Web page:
EghtesadOnline: The International Court of Arbitration (ICA) announced its verdict over the Iran-Turkmenistan gas row.
IRNA said based on information from the Oil Ministry and the National Iranian Gas Company, Iran has been convicted for not paying for gas it bought from Turkmenistan from 2007 to 2013.
As per the verdict, the details of which have not been disclosed yet, Iran should pay almost $2 billion to Ashgabat to settle its debt.
The Oil Ministry and the NIGC say under (the ICA) arbitration rules, the details of the verdict will not be issued unless the two sides agree on that.
The dispute dates back to 2007 when Turkmengaz, the country’s national gas company, stopped gas supplies to Iran because the Central Asian state was gripped by unseasonably cold temperatures that year.
Taking advantage of the situation, Turkmengaz increased its gas prices at least three times and Iran had no option but to agree to continue imports because the giant South Pars Gas Field in the Persian Gulf was not ready and could not supply northern provinces namely Golestan, Gilan and Mazandaran, especially during the winter.
Natural gas extraction from SP was around 280 million cubic meters in 2007. Now it is over 900 mcm.
Rising gas prices caused NIGC’s debt to pile up in the following years. International sanctions at the time (2007-2014) imposed due to the nuclear energy program isolated Iran from the international banking system and made it difficult to pay the debt.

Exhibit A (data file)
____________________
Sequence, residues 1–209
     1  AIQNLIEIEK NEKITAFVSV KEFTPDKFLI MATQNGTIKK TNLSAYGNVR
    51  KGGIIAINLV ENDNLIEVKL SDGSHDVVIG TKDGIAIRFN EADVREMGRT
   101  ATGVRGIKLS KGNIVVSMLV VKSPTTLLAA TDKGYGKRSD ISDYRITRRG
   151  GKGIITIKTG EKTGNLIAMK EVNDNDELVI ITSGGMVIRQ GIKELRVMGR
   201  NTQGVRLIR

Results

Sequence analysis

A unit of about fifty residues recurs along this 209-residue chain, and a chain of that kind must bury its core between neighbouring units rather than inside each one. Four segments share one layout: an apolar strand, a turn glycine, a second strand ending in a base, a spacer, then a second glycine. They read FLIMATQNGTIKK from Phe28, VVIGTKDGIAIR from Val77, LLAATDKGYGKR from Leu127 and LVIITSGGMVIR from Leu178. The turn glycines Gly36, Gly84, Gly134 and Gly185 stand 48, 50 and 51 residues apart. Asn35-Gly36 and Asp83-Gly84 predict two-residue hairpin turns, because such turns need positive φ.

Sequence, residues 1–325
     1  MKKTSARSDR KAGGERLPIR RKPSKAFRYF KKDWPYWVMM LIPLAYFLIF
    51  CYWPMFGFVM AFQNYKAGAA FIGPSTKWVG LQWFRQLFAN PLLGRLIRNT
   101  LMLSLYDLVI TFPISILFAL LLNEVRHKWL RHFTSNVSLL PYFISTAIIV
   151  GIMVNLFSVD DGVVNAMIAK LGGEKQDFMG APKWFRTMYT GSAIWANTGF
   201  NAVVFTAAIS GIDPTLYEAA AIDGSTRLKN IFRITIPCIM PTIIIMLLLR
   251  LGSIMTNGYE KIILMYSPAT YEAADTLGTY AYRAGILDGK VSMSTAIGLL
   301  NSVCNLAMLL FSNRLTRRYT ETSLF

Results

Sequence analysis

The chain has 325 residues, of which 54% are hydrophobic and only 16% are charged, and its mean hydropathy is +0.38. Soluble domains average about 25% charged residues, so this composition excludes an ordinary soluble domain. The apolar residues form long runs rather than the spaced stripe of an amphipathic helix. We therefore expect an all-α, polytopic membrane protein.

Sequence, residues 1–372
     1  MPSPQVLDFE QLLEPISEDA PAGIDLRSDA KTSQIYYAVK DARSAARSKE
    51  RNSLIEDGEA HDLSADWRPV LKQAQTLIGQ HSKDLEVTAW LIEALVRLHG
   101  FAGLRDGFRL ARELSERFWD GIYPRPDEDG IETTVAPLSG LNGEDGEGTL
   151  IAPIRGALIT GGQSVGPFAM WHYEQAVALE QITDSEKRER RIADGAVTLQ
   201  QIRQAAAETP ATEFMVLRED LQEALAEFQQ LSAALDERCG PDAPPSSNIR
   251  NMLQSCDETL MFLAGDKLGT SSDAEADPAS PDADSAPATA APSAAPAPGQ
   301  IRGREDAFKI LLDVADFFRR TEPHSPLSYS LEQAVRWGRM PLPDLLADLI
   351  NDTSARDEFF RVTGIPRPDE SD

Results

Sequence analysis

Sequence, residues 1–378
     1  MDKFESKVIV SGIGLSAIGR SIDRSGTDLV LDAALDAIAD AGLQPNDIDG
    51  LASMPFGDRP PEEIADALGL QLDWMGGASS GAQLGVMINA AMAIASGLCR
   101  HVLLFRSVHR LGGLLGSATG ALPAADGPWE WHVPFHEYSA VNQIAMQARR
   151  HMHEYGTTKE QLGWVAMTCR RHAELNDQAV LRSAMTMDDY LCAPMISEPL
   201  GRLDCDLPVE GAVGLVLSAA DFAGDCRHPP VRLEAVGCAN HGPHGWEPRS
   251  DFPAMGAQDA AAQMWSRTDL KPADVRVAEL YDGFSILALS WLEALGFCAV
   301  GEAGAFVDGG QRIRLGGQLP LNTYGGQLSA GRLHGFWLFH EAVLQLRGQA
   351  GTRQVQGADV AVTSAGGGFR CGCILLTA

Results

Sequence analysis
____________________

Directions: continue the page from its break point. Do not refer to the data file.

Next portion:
In 2016 Turkmengaz halted gas supplies to Iran on claims that NIGC’s past gas dues should be paid immediately.
The two sides were locked in the dispute for years, with the Turkmens claiming that Iran owed about $2 billion in unpaid gas import bills.
In December 2016, Iran said it had paid the debt, a claim that was rejected by Ashgabat. Turkmenistan went to ICA in 2017 and Tehran welcomed the move.
NIGC imported about 23 mcm of gas per day from Turkmenistan before the dispute.
Although the gas imports ended in late 2016, Iran had no problem supplying its northern regions as it had expanded its gas network, and several gas fields in the Persian Gulf had come online, making Iran self-sufficient in gas.
In related news, IRNA quoted Hassan Montazer Torbati, the head of NIGC, as saying that the company extracted close to 270 billion cubic meters of gas (740 mcm/d) from hydrocarbon resources across the nation in 2019.
Over the past four months, gas production capacity has increased 21% or 900 mcm/d, of which 650 mcm/d comes from South Pars and the rest (250 mcm/d) from the Iranian Central Oil Fields Company that has three subsidiaries, namely West Oil and Gas Production Company, East Oil and Gas Production Company and South Zagros Oil and Gas Production Company.
“The gas network has the capacity to supply one billion cubic meters of gas (daily) to households, industries and power plants. This is up 18% compared to January when it was 800,000 mcm/d.”
Referring to the amount of gas used between November 2019 and February 2020, he noted that consumption in the period rose by 55 mcm/d (compared to 2018) and reached 600 mcm/d.
According to the official, gas exports to neighbors namely Iraq and Turkey increased 3.6 bcm in 2019, up 26% compared to 2018 when it was around 18 bcm.
Located in the Persian Gulf straddling the maritime borders between Iran and Qatar, South Pars covers 9,700 square kilometers, of which 3,700 square kilometers belongs to Iran.
The Iranian side of the field contains an estimated 14 trillion cubic meters of gas and 18 billion barrels of condensates.
Iran is developing the mega gas project in 24 phases, 23 of which are either complete or in the final stages. Development of phase 11 started recently.